Phil: Gastelum seemed like he was going to be that guy who was just going to wait around for the right fight to be delivered to him. With a granite chin, tremendous speed and shockingly good cardio, he had a distinct tendency to just hang about until his opponent either exhausted themselves grappling with him, or until they conceded to trading, where he could deck them with some variant of the one-two. His footwork was broadly limited to a bounce into sudden explosive dash, with his sheer linearity making him easy meat for lateral movement. The Adesanya fight wasn’t a transformation, but it was a huge improvement. He jabbed more, punched in combination, attacked the body, and most importantly moved his head. It was good to see. He still also took a lot of time off and ended up as a punching bag, but you know. Baby steps.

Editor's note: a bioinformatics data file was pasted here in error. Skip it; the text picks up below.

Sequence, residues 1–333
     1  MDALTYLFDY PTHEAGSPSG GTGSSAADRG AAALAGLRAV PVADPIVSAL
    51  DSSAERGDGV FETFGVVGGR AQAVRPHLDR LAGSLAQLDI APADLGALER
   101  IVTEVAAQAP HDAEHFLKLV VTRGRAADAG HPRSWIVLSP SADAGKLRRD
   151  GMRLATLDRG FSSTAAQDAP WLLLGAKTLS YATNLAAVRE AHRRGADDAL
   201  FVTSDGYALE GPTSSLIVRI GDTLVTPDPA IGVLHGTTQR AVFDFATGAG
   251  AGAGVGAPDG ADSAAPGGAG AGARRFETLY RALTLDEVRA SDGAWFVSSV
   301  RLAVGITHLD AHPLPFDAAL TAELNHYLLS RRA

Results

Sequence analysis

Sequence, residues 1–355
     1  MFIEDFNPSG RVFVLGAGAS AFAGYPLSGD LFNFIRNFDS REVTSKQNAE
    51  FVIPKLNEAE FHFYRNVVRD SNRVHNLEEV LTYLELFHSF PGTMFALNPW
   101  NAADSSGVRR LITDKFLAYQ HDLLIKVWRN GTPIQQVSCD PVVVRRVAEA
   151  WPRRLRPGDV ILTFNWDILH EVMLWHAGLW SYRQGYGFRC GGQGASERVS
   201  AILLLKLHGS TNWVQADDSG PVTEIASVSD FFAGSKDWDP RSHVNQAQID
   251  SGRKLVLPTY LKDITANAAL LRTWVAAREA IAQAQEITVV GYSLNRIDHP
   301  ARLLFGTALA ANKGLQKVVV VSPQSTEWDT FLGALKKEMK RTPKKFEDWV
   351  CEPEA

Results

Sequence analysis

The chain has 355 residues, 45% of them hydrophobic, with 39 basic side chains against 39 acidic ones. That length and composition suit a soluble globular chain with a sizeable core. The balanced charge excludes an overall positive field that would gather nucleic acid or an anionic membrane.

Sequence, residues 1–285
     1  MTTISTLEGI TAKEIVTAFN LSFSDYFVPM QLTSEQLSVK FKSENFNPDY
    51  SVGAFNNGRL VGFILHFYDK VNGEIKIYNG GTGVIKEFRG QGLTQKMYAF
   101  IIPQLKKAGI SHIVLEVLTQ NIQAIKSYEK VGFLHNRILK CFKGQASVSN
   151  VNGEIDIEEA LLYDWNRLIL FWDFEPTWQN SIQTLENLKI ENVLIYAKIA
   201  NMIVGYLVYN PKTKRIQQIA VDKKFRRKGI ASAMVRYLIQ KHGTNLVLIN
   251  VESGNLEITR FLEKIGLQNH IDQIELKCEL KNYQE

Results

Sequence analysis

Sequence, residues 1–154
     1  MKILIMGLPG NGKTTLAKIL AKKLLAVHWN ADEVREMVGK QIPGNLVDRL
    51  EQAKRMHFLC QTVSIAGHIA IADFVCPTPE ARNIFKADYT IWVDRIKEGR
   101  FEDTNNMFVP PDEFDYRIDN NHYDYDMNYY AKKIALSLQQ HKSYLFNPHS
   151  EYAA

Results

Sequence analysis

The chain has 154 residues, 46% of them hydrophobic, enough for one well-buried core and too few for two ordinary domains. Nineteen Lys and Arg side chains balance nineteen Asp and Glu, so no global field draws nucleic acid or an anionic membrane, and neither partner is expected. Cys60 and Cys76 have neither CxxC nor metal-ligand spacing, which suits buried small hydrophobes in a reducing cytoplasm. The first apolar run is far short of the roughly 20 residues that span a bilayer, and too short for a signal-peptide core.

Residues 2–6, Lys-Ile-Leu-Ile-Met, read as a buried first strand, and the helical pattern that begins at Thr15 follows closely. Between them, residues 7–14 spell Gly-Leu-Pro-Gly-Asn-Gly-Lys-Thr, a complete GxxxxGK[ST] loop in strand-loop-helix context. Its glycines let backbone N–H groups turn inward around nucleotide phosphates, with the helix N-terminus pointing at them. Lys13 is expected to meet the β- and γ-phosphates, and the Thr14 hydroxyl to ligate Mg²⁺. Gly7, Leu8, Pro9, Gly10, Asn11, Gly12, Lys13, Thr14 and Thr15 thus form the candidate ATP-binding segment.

David: I’ve said it before, and I’ll say it again. Till is a one-note fighter in a dynamic way. He has a fairly limited toolset. But the thing about Till is that his skillset isn’t naturally limited. It’s just a little limited by design. He’s comfortable, quick, and powerful when it comes to pressuring with his straight left. Maybe he’s born with it. Maybe it’s Maybelline. Whatever it is, Till has a lightning quick straight left that he unleashes with remarkable accuracy. But it’s not just about accuracy. It’s about comfort, and positioning. He’s always in great position to unleash his main attack. It helps that he’s adept throwing strikes backing up, or moving forward. So he’s never not a threat to re-chamber attacks. Most of Till’s problems are defensive. Just not in the traditional ‘can’t block’ manner. For Till, he backs straight up, and gets cranked.